Like the typically retired person I am, I was playing golf the other day for my club at another course. My golf is, to say the least, somewhat erratic but whether my playing partner or the opposition find that off putting is not relevant to me. I enjoy playing as long as it's not raining and as long as the wind allows me to stay upright. Anyway my partner, playing as he does off a handicap of 10 shots better than me is supposed to provide the steel in our partnership.
One of the objectives of these senior competitions is to provide social intercourse and to give us the chance of experiencing other courses in the area. I recognised , somewhat to his surprise, the underlying native accent of one of our opponents as being similar to the accent that I have left so far behind me. Both Brummies, and I was surprised to find that we must have lived within a stone's throw of one another all those years ago. We exchanged memories of the local area, cinemas (two, The Beacon and the Clifton), schools (though we attended different ones), the landmark pub (a massive pre war pub, the Towers, built as the area was developed in the 1930's) and other half forgotten recollections. We must have moved away about the same time and a single visit by me around 30 years ago was the only update we could share about the area as he had not been back in nearly 60 years.
As I drove home I wondered about that long lost time and how the world has changed and this led me to query how much better (or worse) our life was in the mid 1950's than today. Of course there should be no comparison, the advances of the past 60 years have changed the world almost beyond recognition. I recall another school friend having an infected toe at the time and how there was much discussion about the penicillin cream that was used to miraculously treat the infection. We forget in our modern world that antibiotics were only really developed under the pressures created by the Second World War. It is ironic that now those drugs are becoming less effective as bacterial resistance grows. Television was only coming back after the war and a family with a telephone at home was rare. Boys wore short trousers until they were eleven or twelve but during the holidays we wandered far and wide in search of adventure apparently in complete safety.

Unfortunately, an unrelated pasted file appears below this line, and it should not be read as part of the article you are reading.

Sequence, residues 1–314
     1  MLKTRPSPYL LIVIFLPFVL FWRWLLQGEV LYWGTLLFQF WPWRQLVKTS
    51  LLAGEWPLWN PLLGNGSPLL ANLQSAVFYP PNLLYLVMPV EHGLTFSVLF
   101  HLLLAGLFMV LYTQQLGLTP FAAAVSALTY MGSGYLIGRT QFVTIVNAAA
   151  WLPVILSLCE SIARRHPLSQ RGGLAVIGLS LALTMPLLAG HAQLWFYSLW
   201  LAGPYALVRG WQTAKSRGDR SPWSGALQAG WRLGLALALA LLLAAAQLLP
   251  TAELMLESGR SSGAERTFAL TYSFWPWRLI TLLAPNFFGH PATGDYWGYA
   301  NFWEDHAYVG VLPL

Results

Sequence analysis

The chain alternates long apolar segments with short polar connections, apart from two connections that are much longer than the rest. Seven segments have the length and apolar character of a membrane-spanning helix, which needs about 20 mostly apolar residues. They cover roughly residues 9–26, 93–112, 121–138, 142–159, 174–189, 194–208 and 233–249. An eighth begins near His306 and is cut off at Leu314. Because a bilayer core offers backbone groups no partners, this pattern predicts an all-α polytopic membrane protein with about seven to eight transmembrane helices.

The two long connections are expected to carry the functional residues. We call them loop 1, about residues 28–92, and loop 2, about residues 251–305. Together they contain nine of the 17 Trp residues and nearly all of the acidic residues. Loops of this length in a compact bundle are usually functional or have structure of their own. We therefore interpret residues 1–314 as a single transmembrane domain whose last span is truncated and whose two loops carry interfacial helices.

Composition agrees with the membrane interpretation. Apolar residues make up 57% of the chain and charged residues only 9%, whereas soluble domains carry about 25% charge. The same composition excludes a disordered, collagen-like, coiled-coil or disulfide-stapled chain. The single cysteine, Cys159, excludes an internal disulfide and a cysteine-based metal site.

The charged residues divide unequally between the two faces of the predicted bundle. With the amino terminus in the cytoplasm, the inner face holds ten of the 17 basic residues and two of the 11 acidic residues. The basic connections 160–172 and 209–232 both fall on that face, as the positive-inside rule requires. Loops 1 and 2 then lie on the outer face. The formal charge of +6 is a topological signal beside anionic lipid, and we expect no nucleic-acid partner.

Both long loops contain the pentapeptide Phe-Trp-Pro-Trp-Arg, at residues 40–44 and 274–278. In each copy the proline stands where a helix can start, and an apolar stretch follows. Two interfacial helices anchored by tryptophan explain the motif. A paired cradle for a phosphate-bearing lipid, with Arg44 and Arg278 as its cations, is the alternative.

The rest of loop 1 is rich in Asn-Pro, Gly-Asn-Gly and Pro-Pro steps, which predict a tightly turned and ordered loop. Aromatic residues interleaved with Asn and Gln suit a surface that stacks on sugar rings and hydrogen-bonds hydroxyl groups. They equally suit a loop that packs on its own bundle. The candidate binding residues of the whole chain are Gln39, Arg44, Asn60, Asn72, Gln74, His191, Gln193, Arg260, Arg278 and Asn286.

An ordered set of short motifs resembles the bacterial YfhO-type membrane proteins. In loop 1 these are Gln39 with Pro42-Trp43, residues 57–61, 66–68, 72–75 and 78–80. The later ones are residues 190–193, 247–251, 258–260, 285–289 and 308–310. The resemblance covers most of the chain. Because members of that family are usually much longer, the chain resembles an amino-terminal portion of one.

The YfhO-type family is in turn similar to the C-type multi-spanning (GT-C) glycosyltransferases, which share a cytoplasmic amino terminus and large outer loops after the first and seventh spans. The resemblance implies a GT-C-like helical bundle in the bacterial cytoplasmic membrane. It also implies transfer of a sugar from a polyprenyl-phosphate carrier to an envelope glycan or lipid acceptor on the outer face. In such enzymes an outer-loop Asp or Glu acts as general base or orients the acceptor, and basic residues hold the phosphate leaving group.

What do we have now? IPads, androids and the internet seem to occupy our youngsters' spare time to the concern of many parents. We have 24-hour news and television which seems not to help us understand our world any better. We have our mobile phones but still have difficulty keeping in touch and we care more for the world as a whole as television and film have shown us the suffering in far off lands. But that mass of information that's thrust at us around the clock does seem to immunise us against the world as a whole. In terms of the early 1950's, our present world dashes ever quicker, but to where?
We seem to take no joy in our advances in health, living standards and the rest. The information world that we live in weighs us down in selfish concerns. The prefabs that many of my school mates lived in (and for which their parents were grateful) would be condemned today as would our post war diets and the freedom to roam enjoyed by my short-trousered schoolmates.
The golf? We lost on the eighteenth, perhaps rather like the 21st
century. Aspiring to perfection, but like my golf, good in not nearly enough parts.David IngallPast President, UK200 Group
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